Census figures appear to show that seven million more Germans have suddenly gone to America.
This week I found myself in Bremerhaven, home of the well-crafted Auswandererhaus – the German Emigration Centre – and I came across an interesting tidbit of information which I thought was worth mentioning here.
It seems that the Germans are multiplying over in the US, and, with an increase of seven million in the last decade, have nearly overtaken the Hispanics as America’s largest ethnic group (49.8 million versus 50.5). The Irish and the African Americans are trailing in their wake, despite popular perceptions to the contrary.
These German Americans seem to mostly live in what is called a ‘German belt’ of the US that extends from eastern Pennsylvania to the Oregon coast. A majority of counties in Pennsylvania, Michigan, Illinois, Missouri, Iowa, Wisconsin, Minnesota, Kansas, Nebraska, Wyoming, Montana and the Dakotas are predominantly German, and they make up a plurality of Ohio and Indiana counties.
So have seven million more Germans suddenly gone to America? Of course not. I think Germany would have noticed the small matter of seven million suddenly leaving home.
The thinking behind the surprising statistical change is that Americans of German descent are suddenly prouder of being German again. And that, where on previous census papers they might have declared themselves as of ‘European’ descent, or even simply ‘American’, they are now proud to stand up and be counted.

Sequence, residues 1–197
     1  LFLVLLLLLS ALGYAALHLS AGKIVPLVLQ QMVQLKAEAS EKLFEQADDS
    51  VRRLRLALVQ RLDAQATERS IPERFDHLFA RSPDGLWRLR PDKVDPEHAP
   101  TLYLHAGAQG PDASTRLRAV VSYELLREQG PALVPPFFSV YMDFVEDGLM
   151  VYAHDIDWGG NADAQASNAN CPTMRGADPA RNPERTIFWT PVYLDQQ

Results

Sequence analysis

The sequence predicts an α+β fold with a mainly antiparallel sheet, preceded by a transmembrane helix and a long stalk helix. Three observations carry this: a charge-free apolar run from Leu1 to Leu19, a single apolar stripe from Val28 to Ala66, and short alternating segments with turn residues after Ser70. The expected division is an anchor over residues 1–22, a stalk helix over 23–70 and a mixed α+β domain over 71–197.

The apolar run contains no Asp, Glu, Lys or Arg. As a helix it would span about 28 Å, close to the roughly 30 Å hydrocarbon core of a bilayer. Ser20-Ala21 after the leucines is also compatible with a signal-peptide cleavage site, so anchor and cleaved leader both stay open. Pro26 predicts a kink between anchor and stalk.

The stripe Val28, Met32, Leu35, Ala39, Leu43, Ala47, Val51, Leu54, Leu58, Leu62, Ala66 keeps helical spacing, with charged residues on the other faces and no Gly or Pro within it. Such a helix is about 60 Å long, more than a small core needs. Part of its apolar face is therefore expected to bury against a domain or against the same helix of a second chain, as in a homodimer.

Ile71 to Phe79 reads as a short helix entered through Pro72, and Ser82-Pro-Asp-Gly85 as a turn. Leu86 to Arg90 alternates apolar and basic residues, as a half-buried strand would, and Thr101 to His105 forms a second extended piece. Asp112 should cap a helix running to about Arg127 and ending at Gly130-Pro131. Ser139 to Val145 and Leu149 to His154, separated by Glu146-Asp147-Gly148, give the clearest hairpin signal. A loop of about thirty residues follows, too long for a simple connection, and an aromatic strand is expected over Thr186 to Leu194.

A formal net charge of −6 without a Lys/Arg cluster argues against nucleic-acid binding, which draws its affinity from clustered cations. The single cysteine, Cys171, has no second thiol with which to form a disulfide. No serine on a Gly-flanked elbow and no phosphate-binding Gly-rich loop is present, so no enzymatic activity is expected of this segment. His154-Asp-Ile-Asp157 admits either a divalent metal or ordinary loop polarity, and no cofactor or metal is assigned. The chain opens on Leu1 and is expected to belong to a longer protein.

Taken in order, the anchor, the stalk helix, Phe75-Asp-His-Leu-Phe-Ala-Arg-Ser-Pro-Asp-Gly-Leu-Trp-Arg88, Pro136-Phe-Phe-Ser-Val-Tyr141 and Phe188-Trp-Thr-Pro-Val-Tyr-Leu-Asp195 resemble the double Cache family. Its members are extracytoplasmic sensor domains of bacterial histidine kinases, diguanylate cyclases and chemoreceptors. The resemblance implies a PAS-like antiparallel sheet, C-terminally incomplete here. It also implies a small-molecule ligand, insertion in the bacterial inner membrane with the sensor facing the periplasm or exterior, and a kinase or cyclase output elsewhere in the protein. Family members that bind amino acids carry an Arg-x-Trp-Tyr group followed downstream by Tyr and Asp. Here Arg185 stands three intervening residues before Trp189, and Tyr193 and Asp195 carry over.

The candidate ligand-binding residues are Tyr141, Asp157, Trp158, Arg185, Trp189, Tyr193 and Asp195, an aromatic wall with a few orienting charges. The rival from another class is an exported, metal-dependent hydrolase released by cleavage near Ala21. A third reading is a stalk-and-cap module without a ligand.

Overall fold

So what has happened in the last decades to bring about that change in attitude? For one thing, the collapse of the Berlin Wall, and the success of reunification. Then the successful hosting of the World Cup. And finally the increased interest in tracking one’s ancestry, particularly amongst a newer generation who don’t feel the same responsibility for the darker side of Germany’s 20th century history as their parents might have done. Presumably Germany’s current economic strength and leadership within Europe has a part to play, too, although the final chapters in that particular story have yet to be written.
It’d be interesting to see, in the next census, whether the sudden surge was just a blip. And whether it has any wider, cultural, impact. Why isn’t there a German fast food-chain equivalent of Taco Bell, for example? And given the number of movies that have come out of Hispanic America, Italian America and African America, isn’t it about time that Hollywood turned its attention on the Germanic community, too?